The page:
Legalism could be defined as any attempt to rely on self-effort to either 1) attain or 2) maintain our justification before God. In Paul's Epistle to the Galatians he warned them sternly about such false understandings of the gospel when he asked the offenders: "After beginning with the Spirit, are you now trying to attain your goal by human effort?" (Gal.3:3). Legalism always seems to have one thing in common: it's theology denies that Christ is sufficient for salvation. That some additional element of self-effort, merit or faithfulness on our part is necessary. As an example, those who erroneously teach that a Christian can lose his or her salvation are, in essence, denying the sufficiency of Christ to save to the utmost. They believe their effort has some merit in contributing toward the price of their redemption. They also believe certain sins to be greater than Christ's grace. But Christ's righteousness which he counts toward us is not only efficient for our salvation, but sufficient. His once for all sacrifice put away sin for all time in those He has united to Himself (Heb 10:10). His salvation includes not only saving us at the beginning but preserving us to the end, sealing us in His perfect righteousness and whose blood "reminds the covenant God" not to treat us as our sins justly deserve. Any attempt to add our covenant faithfulness as part of the price of redemption after regeneration and justification is an "attempt to attain our goal by human effort" and thus a complete misapprehension of the fullness of the gospel of Jesus Christ. We must, therefore, reject any and all attempts to maintain a judicial standing before God by any act on our part. Salvation is of the Lord.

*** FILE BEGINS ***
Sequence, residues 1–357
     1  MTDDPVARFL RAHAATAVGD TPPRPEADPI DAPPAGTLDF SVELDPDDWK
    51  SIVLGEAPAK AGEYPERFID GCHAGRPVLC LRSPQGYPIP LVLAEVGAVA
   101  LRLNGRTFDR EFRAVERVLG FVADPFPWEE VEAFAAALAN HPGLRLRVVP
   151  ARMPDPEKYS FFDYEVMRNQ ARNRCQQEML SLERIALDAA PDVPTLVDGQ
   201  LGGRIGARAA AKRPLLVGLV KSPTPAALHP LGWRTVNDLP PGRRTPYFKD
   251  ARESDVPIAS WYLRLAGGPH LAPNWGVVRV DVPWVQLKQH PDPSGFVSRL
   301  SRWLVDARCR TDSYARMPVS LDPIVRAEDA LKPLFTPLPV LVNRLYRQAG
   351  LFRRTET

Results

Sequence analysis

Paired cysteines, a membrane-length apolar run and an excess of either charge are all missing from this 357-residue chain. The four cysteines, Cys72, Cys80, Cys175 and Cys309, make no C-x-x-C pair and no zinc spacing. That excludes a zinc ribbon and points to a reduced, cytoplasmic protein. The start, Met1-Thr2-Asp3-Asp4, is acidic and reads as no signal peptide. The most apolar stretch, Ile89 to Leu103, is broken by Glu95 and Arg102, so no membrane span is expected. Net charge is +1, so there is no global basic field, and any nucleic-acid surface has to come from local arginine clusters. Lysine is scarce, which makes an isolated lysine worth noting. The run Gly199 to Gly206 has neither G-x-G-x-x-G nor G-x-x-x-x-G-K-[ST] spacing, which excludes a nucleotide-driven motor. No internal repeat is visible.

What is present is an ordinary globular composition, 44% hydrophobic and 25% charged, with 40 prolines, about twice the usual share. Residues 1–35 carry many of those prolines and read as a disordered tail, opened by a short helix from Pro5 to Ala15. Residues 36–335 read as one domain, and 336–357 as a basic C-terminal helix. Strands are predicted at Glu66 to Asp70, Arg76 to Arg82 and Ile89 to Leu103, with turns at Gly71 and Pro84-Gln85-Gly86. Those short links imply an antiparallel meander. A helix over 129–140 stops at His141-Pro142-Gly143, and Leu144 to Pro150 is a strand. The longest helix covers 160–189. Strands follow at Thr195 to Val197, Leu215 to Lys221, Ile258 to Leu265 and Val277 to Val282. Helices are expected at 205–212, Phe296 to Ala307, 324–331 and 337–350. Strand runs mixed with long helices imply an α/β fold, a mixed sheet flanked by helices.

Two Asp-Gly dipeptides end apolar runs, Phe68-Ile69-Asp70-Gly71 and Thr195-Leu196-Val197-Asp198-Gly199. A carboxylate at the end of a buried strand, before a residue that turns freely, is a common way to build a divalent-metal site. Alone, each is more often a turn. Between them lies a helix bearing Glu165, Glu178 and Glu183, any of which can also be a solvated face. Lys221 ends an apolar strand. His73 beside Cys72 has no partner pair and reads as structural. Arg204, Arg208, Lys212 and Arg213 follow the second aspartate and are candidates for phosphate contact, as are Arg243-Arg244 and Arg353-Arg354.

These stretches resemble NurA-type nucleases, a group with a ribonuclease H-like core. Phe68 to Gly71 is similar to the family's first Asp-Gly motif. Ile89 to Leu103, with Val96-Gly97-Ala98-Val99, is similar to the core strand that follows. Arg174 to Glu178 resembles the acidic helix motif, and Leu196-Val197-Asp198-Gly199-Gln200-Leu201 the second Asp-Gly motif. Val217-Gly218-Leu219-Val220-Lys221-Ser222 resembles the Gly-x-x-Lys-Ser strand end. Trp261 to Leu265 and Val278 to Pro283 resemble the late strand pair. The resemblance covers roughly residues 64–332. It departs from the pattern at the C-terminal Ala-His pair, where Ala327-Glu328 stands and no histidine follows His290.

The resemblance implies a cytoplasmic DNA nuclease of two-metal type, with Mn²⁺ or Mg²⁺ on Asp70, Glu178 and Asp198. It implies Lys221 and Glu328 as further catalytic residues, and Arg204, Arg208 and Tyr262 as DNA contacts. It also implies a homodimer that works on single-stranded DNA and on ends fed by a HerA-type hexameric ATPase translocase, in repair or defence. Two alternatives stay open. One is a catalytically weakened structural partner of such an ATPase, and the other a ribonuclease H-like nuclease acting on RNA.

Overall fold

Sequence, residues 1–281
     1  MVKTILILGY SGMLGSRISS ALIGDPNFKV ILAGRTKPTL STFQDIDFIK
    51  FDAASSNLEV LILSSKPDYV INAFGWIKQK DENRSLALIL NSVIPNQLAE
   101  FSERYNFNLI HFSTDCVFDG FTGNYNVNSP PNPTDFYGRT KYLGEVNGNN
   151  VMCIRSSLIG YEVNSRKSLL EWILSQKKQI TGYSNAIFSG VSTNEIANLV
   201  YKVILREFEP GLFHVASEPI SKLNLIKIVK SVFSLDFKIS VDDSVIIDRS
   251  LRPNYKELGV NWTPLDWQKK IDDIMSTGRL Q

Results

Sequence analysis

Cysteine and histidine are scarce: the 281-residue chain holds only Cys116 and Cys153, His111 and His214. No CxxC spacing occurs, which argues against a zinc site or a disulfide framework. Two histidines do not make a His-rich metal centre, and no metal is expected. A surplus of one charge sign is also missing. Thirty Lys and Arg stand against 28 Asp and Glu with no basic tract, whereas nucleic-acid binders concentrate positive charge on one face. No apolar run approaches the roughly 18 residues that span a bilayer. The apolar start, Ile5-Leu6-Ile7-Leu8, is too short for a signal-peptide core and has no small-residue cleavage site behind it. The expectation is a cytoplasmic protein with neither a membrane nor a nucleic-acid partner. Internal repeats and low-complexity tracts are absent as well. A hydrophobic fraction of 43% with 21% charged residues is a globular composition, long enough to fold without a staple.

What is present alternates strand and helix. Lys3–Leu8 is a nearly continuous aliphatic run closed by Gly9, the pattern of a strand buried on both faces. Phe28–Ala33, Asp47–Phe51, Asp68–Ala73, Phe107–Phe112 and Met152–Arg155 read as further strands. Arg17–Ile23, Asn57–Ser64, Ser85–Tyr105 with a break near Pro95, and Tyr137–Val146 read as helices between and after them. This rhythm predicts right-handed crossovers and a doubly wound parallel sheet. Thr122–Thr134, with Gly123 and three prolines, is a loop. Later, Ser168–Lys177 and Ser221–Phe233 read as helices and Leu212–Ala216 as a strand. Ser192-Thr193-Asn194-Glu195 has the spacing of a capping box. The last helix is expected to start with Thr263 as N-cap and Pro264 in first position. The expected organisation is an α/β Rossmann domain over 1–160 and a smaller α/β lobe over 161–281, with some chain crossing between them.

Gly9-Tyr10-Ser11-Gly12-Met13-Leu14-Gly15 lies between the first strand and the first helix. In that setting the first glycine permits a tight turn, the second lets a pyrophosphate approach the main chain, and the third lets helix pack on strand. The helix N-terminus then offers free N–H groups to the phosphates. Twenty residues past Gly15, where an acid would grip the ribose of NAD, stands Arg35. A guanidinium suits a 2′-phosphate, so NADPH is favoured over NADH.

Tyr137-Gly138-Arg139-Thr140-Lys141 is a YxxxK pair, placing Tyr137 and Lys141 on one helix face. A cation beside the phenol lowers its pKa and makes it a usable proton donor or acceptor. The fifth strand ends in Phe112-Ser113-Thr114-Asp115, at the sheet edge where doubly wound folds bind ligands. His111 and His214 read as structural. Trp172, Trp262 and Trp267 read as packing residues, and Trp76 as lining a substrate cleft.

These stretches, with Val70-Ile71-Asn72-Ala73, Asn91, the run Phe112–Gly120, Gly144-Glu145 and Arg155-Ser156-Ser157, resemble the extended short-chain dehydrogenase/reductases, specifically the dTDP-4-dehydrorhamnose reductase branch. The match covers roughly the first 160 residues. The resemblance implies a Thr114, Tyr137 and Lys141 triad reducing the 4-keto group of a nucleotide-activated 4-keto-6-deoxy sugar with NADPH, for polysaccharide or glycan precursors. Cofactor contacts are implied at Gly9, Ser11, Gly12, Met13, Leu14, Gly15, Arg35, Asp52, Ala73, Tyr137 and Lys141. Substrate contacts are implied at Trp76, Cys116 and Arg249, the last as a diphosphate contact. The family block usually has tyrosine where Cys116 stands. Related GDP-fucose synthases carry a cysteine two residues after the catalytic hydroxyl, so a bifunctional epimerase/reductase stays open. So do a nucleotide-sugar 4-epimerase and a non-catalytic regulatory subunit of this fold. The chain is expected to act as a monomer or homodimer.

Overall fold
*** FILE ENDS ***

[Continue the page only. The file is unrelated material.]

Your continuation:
Have I any pleasure in the death of the wicked, declares the Lord God? (Ezek 18:23)

Mon, 04/07/2014 - 14:33 -- john_hendryx


God wants all people to obey his summons to repent and believe the gospel, and so be saved (Acts 17:30; Ezek. 18:23).  In light of this, the church is called to preach the gospel indiscriminately to all people ... to the ends of the earth (Matt 28:18). But sadly, all men without exception have a heart of stone, and in their willful blindness, turn a deaf ear and refuse to believe and follow Christ (Rom 3:11, 8:7; 1 Cor 2:14). He has no pleasure in seeing a humanity so unyielding and inflexible in their rebellion against Him.This saddens God and indeed angers Him. But even though all natural men reject this call to faith in Christ, God is yet still merciful. Instead of giving all of us what we justly deserve (His wrath), He still gives life and pardons more ill-deserving sinners than any man can count (Eph. 2:5; Rev. 7:9).

The Bible's Honest Assessment of the Human Condition

Wed, 04/02/2014 - 10:22 -- john_hendryx